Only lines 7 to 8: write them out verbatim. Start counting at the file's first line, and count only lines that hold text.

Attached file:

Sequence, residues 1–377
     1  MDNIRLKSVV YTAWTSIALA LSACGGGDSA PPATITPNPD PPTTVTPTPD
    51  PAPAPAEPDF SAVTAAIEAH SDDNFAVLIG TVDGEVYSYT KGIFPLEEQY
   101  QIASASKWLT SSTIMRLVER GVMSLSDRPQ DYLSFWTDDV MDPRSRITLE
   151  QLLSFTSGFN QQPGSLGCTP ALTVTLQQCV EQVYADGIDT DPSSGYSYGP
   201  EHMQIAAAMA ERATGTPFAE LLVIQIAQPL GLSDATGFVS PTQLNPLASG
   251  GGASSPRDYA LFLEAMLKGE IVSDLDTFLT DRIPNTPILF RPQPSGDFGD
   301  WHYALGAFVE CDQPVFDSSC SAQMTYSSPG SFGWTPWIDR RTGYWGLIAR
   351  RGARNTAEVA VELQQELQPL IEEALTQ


   251  GGASSPRDYA LFLEAMLKGE IVSDLDTFLT DRIPNTPILF RPQPSGDFGD
   301  WHYALGAFVE CDQPVFDSSC SAQMTYSSPG SFGWTPWIDR RTGYWGLIAR